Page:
After her death, Elvira Barney’s name was kept alive only in the world of “True Crime” writing. She features in endless books bearing titles such as “Masterpieces of Murder”, “Crimes of Passion”, “The Murderer’s Who’s Who” and so forth. All tell pretty much the same story, concentrating on the Mayfair Parties aspects of the case and the brilliance of Sir Patrick Hastings for the Defence. All assume Elvira’s guilt. Apart from the routine comments regarding Society high-jinks at a time of mass unemployment, there is very little in the way of social or psychological analysis, a notable exception being Giles Playfairs “Six Studies in Hypocrisy“. Peter Cotes’ introductory essay to the Trial transcription remains the fullest description of the events surrounding the shooting and is hard to fault, as far as it goes.
Cotes’ book benefits from his knowing people who knew Elvira and from his one encounter with her (see https://elvirabarney.wordpress.com/2012/02/01/clubs-smokey-joes/). One other crime-historian also used a personal anecdote to enliven an otherwise standard narrative.
Rupert Furneaux was a prolific writer on various subjects – military history, unexplained phenomena and celebrated murder trials. He produced the first full length study of the Erroll/ Happy Valley case. His 1962 book “They Died By A Gun” covers a number of well-known cases (Ruth Ellis, Madame Fahmy etc.) and his chapter on Elvira (“Laugh, Baby, Laugh” ) adds a couple of face-to-face observations to an otherwise conventional re-telling.
Of Elvira he says, ” though a leading member of London’s Smart Set, Elvira was neither “gay” or “beautiful”. I remember her as drab, coarse, rather fat and usually drunk.” I’m not convinced that Elvira was a leading member of any “Set”, smart or otherwise but the unflattering adjectives certainly correspond to other accounts of the post-1932 Mrs. Barney.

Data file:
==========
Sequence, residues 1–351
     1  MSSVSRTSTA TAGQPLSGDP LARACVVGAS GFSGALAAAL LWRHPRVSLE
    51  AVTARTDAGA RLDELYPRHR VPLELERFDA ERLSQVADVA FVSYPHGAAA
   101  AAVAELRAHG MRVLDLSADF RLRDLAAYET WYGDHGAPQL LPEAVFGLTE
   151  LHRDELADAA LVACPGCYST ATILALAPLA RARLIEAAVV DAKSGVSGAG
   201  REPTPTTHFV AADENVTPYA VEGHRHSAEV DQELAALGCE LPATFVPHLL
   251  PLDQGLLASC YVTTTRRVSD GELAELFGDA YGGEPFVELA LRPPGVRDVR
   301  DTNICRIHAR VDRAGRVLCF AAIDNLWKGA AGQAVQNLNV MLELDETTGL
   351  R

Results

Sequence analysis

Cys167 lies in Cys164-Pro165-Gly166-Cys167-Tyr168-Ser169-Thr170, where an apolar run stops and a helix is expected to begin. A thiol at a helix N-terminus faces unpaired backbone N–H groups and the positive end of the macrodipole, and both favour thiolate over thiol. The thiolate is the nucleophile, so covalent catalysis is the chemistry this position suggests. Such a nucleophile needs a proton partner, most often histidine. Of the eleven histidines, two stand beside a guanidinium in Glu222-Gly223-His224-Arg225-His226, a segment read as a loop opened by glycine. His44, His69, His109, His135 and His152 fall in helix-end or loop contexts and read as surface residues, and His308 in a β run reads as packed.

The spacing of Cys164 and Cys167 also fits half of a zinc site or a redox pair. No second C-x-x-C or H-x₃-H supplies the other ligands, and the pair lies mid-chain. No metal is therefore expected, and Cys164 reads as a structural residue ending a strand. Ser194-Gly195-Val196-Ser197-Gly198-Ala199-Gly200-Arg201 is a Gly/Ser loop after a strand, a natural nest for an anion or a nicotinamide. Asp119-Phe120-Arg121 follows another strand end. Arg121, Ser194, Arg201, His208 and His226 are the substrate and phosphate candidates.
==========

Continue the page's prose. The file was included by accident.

He concludes his piece with the following comments, “After the trial Mrs. Barney returned to her old life, to be pointed out in sleazy clubs and notorious pubs as “That’s Mrs. Barney”, a fame which lasted until her death in Paris a few years later. I once asked her if she shot Scott Stephen deliberately. Mrs. Barney threw a glass at me. I’m sure she threw it intentionally.”
Amusing as this might be, I think it is probably a fiction. Furneaux was living in Kensington in the early thirties so he may have known Elvira. However, the lack of specifics (where did this take place?) and the reliance on cliche ( I am sick of the term “sleazy clubs”, which applies to very few of the venues Elvira favoured) do not inspire confidence. As to what constituted a “notorious pub” is anyone’s guess. The point is, of course ,both to boost Furneaux’ credibility and to leave the reader in no doubt as to the “truth” of the shooting.
The most promising aspects of Furneaux’ account are the parallels he attempts to draw between Elvira and Ruth Ellis This is a bit stretched as to the facts but has some strength in terms of thinking about Elvira’s character and the possible similarities between Scott Stephen and David Blakey. A proper comparative study would be quite enlightening. In the absence of which, expect the odd digression concerning Ruth Ellis to crop up here in the not too distant future.